CONNALLY, THOMAS TERRY
CONNALLY, THOMAS TERRY (1877–1963). Tom Connally, United States senator, was born on a farm in McLennan County, Texas, on August 19, 1877, to Jones and Mary Ellen (Terry) Connally. Jones Connally was a Confederate veteran. Tom, the only surviving son of the couple, took a law degree from the University of Texas in 1898 and was elected to the state House of Representatives unopposed in 1900 and 1902. He was a progressive in his opposition to monopolies and to the powerful Senator Joseph Weldon Bailey. Connally declined to run for a third term. He practiced law for several years in Marlin and married a local belle, Louise Clarkson, in 1904. He was Falls County prosecuting attorney from 1906 to 1910 and was in and out of local politics for the next decade, while building up a prosperous law practice and establishing himself in the Methodist Church and several fraternal orders.
In 1916 Connally ran for the vacant Eleventh District seat in the United States Congress, a jurisdiction centered in Waco. After defeating two opponents without a runoff, he was elected and placed on the House Foreign Affairs Committee. He became something of a foreign-policy spokesman for the Democrats in the 1920s, urging the Republican administrators to settle their differences with Mexico and to cease invading Caribbean republics. In 1928 Connally ran against United States Senator Earle B. Mayfield, a Klansman who had been elected during the heyday of the Ku Klux Klan. Connally successfully urged voters to "turn out the bedsheet-and-mask candidate" and in his first term fought President Herbert Hoover's efforts to raise the tariff, levy a national sales tax, and aid business and mortgage holders at the expense of consumers and homeowners.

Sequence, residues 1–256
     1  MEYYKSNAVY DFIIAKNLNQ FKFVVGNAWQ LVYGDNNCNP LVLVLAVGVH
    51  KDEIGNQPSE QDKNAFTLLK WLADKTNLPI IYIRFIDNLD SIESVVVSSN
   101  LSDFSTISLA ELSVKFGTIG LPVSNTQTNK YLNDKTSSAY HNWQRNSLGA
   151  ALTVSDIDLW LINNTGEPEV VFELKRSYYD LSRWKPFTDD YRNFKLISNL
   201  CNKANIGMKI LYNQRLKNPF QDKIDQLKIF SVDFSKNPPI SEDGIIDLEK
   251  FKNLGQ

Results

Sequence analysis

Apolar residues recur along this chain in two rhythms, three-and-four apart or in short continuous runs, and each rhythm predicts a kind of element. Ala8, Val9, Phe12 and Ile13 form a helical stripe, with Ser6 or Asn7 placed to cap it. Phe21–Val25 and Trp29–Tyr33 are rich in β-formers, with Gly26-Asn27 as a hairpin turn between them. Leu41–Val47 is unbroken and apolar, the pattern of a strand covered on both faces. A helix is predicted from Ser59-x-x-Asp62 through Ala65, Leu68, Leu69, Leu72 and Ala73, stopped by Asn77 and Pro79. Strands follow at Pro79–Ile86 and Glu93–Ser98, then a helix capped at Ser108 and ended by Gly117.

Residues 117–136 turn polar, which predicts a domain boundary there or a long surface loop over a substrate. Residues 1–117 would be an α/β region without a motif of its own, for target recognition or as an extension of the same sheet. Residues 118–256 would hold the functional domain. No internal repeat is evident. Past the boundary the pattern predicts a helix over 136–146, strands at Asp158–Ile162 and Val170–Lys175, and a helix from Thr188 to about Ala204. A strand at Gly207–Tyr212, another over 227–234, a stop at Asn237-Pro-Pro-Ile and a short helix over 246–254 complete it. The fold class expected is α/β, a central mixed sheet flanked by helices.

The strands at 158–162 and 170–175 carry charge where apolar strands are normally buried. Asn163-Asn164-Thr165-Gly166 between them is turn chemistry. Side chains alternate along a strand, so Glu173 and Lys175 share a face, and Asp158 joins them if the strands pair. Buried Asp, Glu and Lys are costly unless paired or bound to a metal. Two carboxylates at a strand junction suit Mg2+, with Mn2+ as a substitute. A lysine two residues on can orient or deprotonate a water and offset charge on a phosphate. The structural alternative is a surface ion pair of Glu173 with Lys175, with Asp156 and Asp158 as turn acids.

During Franklin D. Roosevelt's first term as president, Connally was a stalwart New Dealer, seldom differing with the administration. Like any senator he looked after the largest interest groups in his state, writing relief bills for cattle ranchers, cotton farmers, and oilmen. The most far-reaching solutions were devised for the oil industry, which was facing a glut. Prostrate in the early 1930s, the major oil companies and leading independent operators were demanding state and federal aid. The Connally Hot Oil Act of 1935 effectively outlawed the interstate shipment of oil produced in violation of the new state quotas and was fiercely resisted by many independent drillers and processors. Connally first parted significantly from Roosevelt when the senator opposed the president's attempt to change the United States Supreme Court, the court-packing plan of 1937. The measure failed in the Senate. Also in 1937 Connally led the filibuster against the antilynching bill and fought diligently for the southern differential in the wage and hour law.